Regarding the opacity, this is a significant parameter that must be considered of interest in packaging applications since it affects the appearance of the products and it is seen as possibility to better visually mask the content of packaged products, or as opportunity for thinner packaging materials. The opacity is the direct result of the light absorption and scattering. Light scattering is accomplished by refraction and diffraction as the light passes through or near nanofillers. However, PLA and HNTs show differences between the refractive indices, respectively, values of 1.35–1.45 and 1.54.
As shown in Figure 8a and b that report the modification of the degree of opacity (O) of films by increasing the nanofiller loading [i.e., HNT or HNT(s), respectively], O shows a linear increase that is directly correlated to nanofiller percentage. Furthermore, O values were nearly 3 times higher for the sample 12HNT(s) with respect to the neat PLA. The more is nanofiller loading, the more light is scattered outward, yielding opaque films. This effect, usually obtained by addition of pigments such as TiO2 in polymers, must be taken into account since it could be a key parameter for some packaging applications. Additionally, the mechanical parameters of films (Table 5) were evaluated following the tensile tests performed under normal room conditions. Briefly, the addition of HNT or HNT(s) into PLA leads to the slight increase of the rigidity that is typically in correlation with the nanofiller loading (Young's modulus in the range 1550–1770 MPa, compared to 1500 MPa for the neat PLA), whereas the tensile strength at yield (σy) revealed interesting values for appliscations such as packaging (i.e., σy in the range 40–50 MPa) as they were compared to the neat PLA matrix (σy of about 50 MPa). The differences ascribed to the modification of nanofiller/polyester interface by silanization treatment (i.e., utilization of TMSPM) have concerned mostly the percent elongation at break (ϵb), the PLA/HNT(s) nanocomposites showing slightly higher ϵb than those of PLA-HNT (ϵb in the range 11.0–12.4% with respect to 7.5–9.9%, respectively), values that were found to be less influenced by the increase of nanofiller loading. Accordingly, it is assumed that the treatment of nanotubes with TMSPM helps to retain better values of ϵb, ascribed mainly to the changes of interfacial properties and somewhat to better dispersion of the nanofiller, i.e., HNT(s). However, PLA-HNT(s) films have shown slightly lower ϵb than those of the neat PLA films (ϵb of about 16%). Knowing that for utilization of PLA in packaging applications it is usually required the utilization of selected additives to improve this parameter of interest, i.e., the elongation at break, in this main goal the addition of plasticizers into PLA/HNT nanocomposites can be supplementary considered. Furthermore, a forthcoming paper will analyze the effect of HNT(s) addition on the barrier properties of PLA nanocomposite films to some common gases, i.e., oxygen and carbon dioxide.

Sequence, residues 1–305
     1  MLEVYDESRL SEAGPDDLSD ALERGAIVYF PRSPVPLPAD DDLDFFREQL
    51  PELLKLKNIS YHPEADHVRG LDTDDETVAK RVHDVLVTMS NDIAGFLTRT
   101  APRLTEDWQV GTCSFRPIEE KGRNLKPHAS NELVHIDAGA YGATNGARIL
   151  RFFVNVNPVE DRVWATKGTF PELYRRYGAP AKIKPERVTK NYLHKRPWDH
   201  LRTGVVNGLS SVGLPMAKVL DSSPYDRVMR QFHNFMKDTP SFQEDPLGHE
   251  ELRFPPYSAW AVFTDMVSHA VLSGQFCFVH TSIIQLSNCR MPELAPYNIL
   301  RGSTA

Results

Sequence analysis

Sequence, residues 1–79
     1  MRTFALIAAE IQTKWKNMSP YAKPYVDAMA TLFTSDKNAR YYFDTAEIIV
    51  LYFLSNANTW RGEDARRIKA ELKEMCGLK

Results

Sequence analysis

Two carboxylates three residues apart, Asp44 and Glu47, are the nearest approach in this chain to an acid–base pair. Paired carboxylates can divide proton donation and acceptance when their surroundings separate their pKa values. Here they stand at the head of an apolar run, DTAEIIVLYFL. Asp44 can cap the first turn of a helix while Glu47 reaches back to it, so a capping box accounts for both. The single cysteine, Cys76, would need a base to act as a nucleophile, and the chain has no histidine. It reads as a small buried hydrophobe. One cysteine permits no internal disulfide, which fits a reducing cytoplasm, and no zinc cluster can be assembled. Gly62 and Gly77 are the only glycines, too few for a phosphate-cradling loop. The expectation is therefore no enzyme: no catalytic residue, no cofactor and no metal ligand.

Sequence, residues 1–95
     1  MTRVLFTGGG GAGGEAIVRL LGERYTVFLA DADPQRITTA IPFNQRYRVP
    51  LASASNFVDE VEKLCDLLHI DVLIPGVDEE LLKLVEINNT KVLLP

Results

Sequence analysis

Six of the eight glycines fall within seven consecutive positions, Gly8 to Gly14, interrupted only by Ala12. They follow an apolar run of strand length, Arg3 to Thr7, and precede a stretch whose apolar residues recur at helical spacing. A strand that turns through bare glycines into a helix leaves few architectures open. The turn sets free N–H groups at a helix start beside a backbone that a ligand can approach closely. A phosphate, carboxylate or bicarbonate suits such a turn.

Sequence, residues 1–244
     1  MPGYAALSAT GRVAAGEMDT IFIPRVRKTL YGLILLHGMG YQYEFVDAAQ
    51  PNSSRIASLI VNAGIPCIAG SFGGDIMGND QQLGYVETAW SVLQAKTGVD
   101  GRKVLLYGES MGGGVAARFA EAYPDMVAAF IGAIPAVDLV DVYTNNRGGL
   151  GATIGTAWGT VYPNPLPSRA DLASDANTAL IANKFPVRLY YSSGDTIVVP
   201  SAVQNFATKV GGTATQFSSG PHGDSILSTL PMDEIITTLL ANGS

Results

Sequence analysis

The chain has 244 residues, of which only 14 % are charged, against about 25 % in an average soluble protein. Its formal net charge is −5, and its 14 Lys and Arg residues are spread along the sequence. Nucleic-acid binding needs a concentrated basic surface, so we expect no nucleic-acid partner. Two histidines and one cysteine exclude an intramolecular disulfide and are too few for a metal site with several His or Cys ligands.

Table 5. Comparative mechanical properties of PLA, PLA–HNT and PLA–HNT(s) films (at crosshead speed of 10 mm · min−1)
|Sample||Young's modulus [MPa]||Tensile strength at yield (σy) [MPa]||Tensile strength at break (σb) [MPa]||Elongation at yield [%]||Elongation at break [%]|
|PLA||1500 (±100)||50 (±4)||48 (±2)||4.0 (±0.5)||16.0 (±9.5)|
|3HNT||1600 (±160)||40 (±6)||37 (±5)||2.8 (±0.4)||9.9 (±2.7)|
|6HNT||1770 (±130)||42 (±7)||40 (±7)||2.8 (±0.3)||8.0 (±1.3)|
|12HNT||1730 (±110)||48 (±10)||47 (±8)||3.0 (±0.9)||7.5 (±2.4)|
|3HNT(s)||1550 (±100)||48 (±7)||47 (±5)||4.0 (±0.8)||12.0 (±3.0)|
|6HNT(s)||1650 (±90)||42 (±9)||40 (±6)||2.9 (±1.0)||12.4 (±1.8)|
|12HNT(s)||1670 (±110)||40 (±5)||40 (±4)||3.0 (±0.4)||11.0 (±4.0)|